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The Reading Date

Hello fellow book lovers! I'm Lucy and I blog about books, audiobooks and movies at The Reading Date. I'm testing the waters over here to see how it goes. What are you reading?

The Coldest Girl in Coldtown - Holly Black Christine Lakin does a great job with the audiobook narration that really sets the mood for this scary vampire book.

This Song Will Save Your Life

This Song Will Save Your Life - If you love music themed YA this book is a must. It's about a girl who is having a rough time of it but finds solace through the art of DJing. Right after reading this one I headed to Spotify to make a playlist of all the great songs mentioned and played at the underground warehouse club Start but luckily the author already had me covered:http://open.spotify.com/user/macmillanchildrensbooks/playlist/68KPz76rEYpqs5KKCM7B1Y

Game. Set. Match. (Outer Banks Tennis Academy)

Game. Set. Match. - Jennifer Iacopelli I don't play tennis, or follow sports in general, but I think sport themed romance books are lots of fun, and there's a lot to love about GSM.GSM follows 3 aspiring tennis stars: Penny, the pro with the bright future, Jasmine, the daughter of tennis royalty who wants it all now, and Indiana (Indy), the newcomer who could surprise them all.In GSM we see all the hard work behind the scenes that goes into training for pro tennis. There’s competition not only in the competitive matches, but also for the spots to compete in the first place. The veterans at the OBX aren’t too thrilled with the new kid Indy. Since we follow girls in three different levels at the academy we get to see all sides of the story.All the three girls have their ups and downs and personality quirks. At times each of them got under my skin, but particularly the resident mean girl Jasmine. The one that was the easiest to relate to was Indy, the new girl. She’s coming into the tennis academy fresh, just like the reader. And I think she was the most three dimensional of the trio. Even though there were three different girls to keep track of, the author differentiated them enough to follow along, no sweat.Each girl has some boy trouble that distracts from the game. All three guys were pleasant enough but appropriately were not the focus of the book. The story is more focused on the girls themselves and their personal development. I did find the tennis scenes and team interactions more compelling personally. And if you’re wondering, even though GSM definitely fits the NA category, the love scenes are not explicit.Jennifer Iacopelli wrote an entertaining story. The tennis scenes seemed well researched and the terminology accurate as far as I could tell. I read the book quickly and it was a fun read overall. There is not any big cliffhanger at the end of the book, though there is the set up for future stories at the tennis academy. If you like tennis or sports romances I think you’ll find a lot to offer in GSM, though don’t get too scared off by the sports aspect. If I can follow along, so can you!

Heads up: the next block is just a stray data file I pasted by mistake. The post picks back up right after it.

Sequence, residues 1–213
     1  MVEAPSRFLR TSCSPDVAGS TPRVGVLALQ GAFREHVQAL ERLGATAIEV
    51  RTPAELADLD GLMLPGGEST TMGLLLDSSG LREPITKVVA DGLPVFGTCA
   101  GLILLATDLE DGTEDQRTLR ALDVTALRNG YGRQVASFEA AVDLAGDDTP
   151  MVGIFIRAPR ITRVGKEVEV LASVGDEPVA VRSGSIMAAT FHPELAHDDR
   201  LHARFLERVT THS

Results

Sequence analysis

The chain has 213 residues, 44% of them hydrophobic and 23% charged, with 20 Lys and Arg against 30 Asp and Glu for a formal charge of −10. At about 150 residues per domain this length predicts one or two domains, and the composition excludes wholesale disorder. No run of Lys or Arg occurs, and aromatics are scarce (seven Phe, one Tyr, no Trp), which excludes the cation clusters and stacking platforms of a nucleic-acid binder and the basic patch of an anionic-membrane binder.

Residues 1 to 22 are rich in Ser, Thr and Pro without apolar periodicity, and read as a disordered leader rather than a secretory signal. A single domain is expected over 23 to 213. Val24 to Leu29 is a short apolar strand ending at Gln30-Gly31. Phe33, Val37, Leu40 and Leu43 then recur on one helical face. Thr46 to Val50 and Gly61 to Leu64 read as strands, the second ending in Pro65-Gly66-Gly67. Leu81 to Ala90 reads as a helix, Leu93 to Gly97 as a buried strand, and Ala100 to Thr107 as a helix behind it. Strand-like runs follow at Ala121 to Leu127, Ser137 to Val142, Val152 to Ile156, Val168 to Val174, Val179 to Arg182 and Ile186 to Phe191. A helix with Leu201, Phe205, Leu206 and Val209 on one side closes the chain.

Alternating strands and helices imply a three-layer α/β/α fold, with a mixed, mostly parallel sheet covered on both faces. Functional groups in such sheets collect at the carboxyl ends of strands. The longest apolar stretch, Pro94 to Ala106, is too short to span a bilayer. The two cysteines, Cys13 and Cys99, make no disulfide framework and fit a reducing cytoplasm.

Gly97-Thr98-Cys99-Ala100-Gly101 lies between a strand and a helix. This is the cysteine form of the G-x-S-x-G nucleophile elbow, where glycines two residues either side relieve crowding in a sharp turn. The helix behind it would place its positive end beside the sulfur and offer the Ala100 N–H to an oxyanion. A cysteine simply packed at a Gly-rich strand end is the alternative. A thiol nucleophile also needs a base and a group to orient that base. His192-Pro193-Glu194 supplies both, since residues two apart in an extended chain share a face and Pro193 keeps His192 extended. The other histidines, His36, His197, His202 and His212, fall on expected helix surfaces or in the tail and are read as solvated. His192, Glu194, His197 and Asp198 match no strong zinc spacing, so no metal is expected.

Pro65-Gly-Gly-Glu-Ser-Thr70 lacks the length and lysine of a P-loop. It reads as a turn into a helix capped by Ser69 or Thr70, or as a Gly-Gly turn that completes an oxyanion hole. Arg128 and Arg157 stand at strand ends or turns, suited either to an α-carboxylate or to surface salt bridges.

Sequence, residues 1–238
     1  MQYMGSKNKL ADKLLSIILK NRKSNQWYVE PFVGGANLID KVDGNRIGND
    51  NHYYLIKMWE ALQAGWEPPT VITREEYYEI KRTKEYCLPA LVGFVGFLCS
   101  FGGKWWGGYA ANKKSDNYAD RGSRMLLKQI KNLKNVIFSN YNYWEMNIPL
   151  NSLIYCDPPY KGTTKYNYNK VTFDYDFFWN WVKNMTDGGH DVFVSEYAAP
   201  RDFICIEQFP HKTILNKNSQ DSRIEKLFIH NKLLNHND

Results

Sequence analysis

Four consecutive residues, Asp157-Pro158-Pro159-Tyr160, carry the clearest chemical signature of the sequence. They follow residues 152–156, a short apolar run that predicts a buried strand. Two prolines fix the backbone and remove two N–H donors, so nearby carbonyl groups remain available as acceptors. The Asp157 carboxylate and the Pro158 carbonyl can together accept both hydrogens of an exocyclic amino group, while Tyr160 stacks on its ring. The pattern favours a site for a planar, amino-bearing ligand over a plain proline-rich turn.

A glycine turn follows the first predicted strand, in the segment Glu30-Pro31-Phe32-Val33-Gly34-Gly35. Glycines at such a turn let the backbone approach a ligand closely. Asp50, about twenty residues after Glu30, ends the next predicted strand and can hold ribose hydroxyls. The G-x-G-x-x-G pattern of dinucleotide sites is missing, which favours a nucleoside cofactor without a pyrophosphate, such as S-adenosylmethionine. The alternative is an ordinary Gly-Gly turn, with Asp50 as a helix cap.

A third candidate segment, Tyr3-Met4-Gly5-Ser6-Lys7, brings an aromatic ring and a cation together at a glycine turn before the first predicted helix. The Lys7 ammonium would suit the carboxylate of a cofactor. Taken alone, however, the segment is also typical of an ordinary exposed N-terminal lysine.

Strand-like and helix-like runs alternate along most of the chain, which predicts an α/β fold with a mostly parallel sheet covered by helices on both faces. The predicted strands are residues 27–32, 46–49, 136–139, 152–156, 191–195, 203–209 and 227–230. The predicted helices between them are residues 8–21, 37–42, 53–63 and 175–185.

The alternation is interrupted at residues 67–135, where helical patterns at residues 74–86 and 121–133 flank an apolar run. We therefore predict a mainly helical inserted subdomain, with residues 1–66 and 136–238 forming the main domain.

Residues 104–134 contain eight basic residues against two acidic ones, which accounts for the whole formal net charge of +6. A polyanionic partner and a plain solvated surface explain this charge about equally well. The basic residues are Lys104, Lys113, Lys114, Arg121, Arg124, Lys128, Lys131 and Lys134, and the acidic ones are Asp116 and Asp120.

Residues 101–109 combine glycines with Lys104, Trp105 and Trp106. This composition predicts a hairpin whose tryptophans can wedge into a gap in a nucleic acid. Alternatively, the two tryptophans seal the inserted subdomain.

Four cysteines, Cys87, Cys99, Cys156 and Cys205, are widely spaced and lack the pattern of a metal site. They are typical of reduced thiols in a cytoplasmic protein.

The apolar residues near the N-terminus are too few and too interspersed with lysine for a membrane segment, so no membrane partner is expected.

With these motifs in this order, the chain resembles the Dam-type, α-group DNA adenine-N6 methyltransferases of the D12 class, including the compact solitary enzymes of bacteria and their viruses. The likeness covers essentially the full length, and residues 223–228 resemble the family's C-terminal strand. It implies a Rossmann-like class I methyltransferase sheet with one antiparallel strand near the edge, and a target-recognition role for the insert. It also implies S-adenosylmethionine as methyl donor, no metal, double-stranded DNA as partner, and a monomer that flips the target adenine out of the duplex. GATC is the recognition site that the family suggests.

Faking It

Faking It - Cora Carmack A fun and worthy follow up to Losing It! Worried I'd miss Bliss/Garrick but I liked Cade/Max a lot. Review to come...

What Really Happened in Peru (The Bane Chronicles, #1)

What Really Happened in Peru  - Cassandra Clare

Jesse Williams (Dr. Jackson Avery from Grey's Anatomy) narrates the audio and does a nice job with the voices. He has good comedic timing for Magnus. The audio is novella length @ just over an hour and teasingly tries to answer the title question. It's fun to have a bonus series about Magnus Bane, and there will be 10 monthly installments in all.